You also want to check that your loved one is filling and taking medications properly.
Even if your parent was never a social butterfly, you should still look for signs that he/she seems lonely or depressed or has become more isolated. It’s an easy thing to happen as we age. Our bodies become frailer and it may be harder to participate in social activities. Interaction with friends diminishes because they’re in the same situation or may have passed away. If your loved one always enjoyed a hobby, look for signs that it’s still enjoyable or even being pursued at all.
The house looks different inside
If your mother is like my mother, housework was never high on her list of priorities. What you want to look for are changes in the way he/she keeps house. Is the house dirty? Laundry piled up? Signs of hoarding? Dirty dishes? Pots and pans with noticeable burn marks? Dried up plants? Overflowing trash?
The house looks different outside
Be concerned if things that were kept up are now in bad need of repair. Gutters are full. The house needs painting. Tools aren’t put away. The yard is no longer being maintained. Again, the important thing to look for is whether something is different.
Driving is a problem
My father reluctantly, but willingly, decided to give up driving. My mother fought tooth and nail even after she had two accidents and got lost. In my opinion, if your elderly person is a hazard on the road, it’s non-negotiable.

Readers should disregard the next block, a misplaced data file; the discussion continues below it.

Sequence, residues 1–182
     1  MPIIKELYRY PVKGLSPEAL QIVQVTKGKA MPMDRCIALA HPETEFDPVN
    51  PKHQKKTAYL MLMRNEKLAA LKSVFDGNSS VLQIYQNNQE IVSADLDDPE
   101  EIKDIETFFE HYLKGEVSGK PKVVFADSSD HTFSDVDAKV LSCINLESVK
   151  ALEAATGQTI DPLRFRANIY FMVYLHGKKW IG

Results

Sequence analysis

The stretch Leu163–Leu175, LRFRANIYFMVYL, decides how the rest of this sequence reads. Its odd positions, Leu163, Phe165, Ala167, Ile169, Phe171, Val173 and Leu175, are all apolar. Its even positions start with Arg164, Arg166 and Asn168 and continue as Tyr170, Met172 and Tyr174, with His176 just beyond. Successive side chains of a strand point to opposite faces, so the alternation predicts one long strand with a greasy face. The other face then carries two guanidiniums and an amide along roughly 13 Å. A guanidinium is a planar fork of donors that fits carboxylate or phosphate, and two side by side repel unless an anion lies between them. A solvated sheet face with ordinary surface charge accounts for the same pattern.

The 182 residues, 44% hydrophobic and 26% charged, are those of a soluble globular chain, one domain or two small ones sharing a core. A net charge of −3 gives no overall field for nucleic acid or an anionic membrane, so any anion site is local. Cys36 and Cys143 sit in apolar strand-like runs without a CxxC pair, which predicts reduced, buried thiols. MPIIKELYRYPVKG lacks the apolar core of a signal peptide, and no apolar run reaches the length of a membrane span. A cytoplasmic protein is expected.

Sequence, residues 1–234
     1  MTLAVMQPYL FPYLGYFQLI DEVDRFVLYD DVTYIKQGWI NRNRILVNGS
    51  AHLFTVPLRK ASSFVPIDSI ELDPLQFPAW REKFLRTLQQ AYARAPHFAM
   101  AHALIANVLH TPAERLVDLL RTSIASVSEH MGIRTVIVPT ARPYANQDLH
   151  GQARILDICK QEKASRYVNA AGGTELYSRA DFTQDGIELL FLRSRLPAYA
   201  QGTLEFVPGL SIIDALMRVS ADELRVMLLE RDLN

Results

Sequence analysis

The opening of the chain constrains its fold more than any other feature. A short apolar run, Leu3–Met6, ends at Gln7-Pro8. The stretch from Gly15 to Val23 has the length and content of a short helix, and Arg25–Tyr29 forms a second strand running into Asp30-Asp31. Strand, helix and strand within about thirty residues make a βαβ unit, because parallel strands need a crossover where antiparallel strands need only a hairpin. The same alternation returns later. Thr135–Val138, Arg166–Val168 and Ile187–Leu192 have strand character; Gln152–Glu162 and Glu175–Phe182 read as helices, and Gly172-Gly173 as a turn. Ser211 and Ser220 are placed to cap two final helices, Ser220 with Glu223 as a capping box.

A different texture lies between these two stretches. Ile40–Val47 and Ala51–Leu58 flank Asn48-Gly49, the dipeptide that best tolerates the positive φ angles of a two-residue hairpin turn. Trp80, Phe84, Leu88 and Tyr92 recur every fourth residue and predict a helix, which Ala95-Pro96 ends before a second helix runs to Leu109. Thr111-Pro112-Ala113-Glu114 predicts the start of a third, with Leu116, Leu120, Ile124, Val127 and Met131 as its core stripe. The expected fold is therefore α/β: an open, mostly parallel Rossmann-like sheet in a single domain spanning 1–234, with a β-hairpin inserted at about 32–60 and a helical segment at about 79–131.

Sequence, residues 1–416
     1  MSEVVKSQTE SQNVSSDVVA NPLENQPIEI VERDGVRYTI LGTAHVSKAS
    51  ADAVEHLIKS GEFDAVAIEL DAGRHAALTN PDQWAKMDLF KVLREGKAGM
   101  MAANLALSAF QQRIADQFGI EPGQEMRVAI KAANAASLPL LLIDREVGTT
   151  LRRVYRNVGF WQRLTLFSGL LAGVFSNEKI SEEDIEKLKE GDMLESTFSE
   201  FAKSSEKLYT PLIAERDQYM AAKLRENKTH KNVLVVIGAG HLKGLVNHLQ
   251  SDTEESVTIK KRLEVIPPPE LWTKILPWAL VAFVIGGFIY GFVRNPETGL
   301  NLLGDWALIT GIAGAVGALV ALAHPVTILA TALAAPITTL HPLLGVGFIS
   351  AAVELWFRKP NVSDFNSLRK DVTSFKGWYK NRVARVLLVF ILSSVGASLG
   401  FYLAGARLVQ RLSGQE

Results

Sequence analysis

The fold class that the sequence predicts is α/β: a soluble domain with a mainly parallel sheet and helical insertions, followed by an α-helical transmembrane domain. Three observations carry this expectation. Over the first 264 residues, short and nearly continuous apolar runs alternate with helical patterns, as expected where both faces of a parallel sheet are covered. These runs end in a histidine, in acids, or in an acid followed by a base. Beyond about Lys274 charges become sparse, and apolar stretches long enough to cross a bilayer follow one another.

A sure sign that driving has become a safety issue is that you are a nervous wreck when you’re a passenger in your loved one’s car or you would NEVER let your kids be one.
Other signs include lots of scratches or dents, traffic tickets, or minor accidents. If you still drive along, look for tailgating, drifting into other lanes, confusion, or driving under the speed limit. Listen to your intuition.
Mobility — getting from here to there — can become more challenging as we age. It doesn’t mean we can’t still get around, but we may have to move more slowly and need additional help.
Here are some of the top things you should check to help minimize the risk of falls.
- Poor lighting
- Slippery floors
- Loose rugs
- No stair railings
- Uneven floor surfaces
- Clutter, anywhere, not just on stairs
- Electrical, computer or phone cords
- Pets underfoot and/or their food dishes
- Everyday items stored in “too-high” places
- No grab bars in strategic places, such as the bathroom
Look for signs that your loved one is struggling to manage his/her finances. Are bills piling up? Have there been final warnings or disconnect notices? My mother couldn’t remember if she had paid some bills. I found notes she had written on the back of envelopes that said, “Did I pay this? I must call them.”
Scammers prey on elderly people. You want to make sure yours hasn’t fallen victim to a scam. (Prevention will be future blog post.)
What should you do?
It’s impossible to list all the warning signs. The important thing is to be aware. Our parents tried to keep us healthy and safe and now it’s our turn. What do you do if you recognize any of the signs? Ultimately, we recommend a thorough medical evaluation. It’s possible that whatever is wrong is something that can be easily treated. Or it could mean that your loved one needs assistance.
Sharing your concerns and that you want a medical opinion is a whole other story. Fortunately, we’ve got some tips on how to start the conversation.
This post originally appeared in the Advantage Home Care blog, which I also write.